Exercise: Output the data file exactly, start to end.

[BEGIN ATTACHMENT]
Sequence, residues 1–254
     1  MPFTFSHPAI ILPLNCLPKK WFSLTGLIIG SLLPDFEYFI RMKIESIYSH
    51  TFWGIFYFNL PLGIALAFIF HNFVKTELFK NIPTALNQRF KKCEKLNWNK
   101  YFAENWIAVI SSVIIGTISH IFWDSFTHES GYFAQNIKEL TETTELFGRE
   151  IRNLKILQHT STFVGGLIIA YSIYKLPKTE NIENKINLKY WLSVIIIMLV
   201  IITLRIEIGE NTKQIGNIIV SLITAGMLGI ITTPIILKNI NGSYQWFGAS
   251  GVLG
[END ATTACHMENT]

Sequence, residues 1–254
     1  MPFTFSHPAI ILPLNCLPKK WFSLTGLIIG SLLPDFEYFI RMKIESIYSH
    51  TFWGIFYFNL PLGIALAFIF HNFVKTELFK NIPTALNQRF KKCEKLNWNK
   101  YFAENWIAVI SSVIIGTISH IFWDSFTHES GYFAQNIKEL TETTELFGRE
   151  IRNLKILQHT STFVGGLIIA YSIYKLPKTE NIENKINLKY WLSVIIIMLV
   201  IITLRIEIGE NTKQIGNIIV SLITAGMLGI ITTPIILKNI NGSYQWFGAS
   251  GVLG